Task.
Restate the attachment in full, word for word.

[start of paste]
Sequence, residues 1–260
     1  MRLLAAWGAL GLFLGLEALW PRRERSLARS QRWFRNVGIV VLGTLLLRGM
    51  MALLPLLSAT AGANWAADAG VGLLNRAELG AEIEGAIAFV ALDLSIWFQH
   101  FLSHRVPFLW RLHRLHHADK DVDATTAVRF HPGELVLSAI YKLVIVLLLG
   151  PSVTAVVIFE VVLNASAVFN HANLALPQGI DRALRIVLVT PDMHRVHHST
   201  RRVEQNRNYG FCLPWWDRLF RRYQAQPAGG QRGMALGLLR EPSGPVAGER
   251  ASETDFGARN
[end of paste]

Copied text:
Sequence, residues 1–260
     1  MRLLAAWGAL GLFLGLEALW PRRERSLARS QRWFRNVGIV VLGTLLLRGM
    51  MALLPLLSAT AGANWAADAG VGLLNRAELG AEIEGAIAFV ALDLSIWFQH
   101  FLSHRVPFLW RLHRLHHADK DVDATTAVRF HPGELVLSAI YKLVIVLLLG
   151  PSVTAVVIFE VVLNASAVFN HANLALPQGI DRALRIVLVT PDMHRVHHST
   201  RRVEQNRNYG FCLPWWDRLF RRYQAQPAGG QRGMALGLLR EPSGPVAGER
   251  ASETDFGARN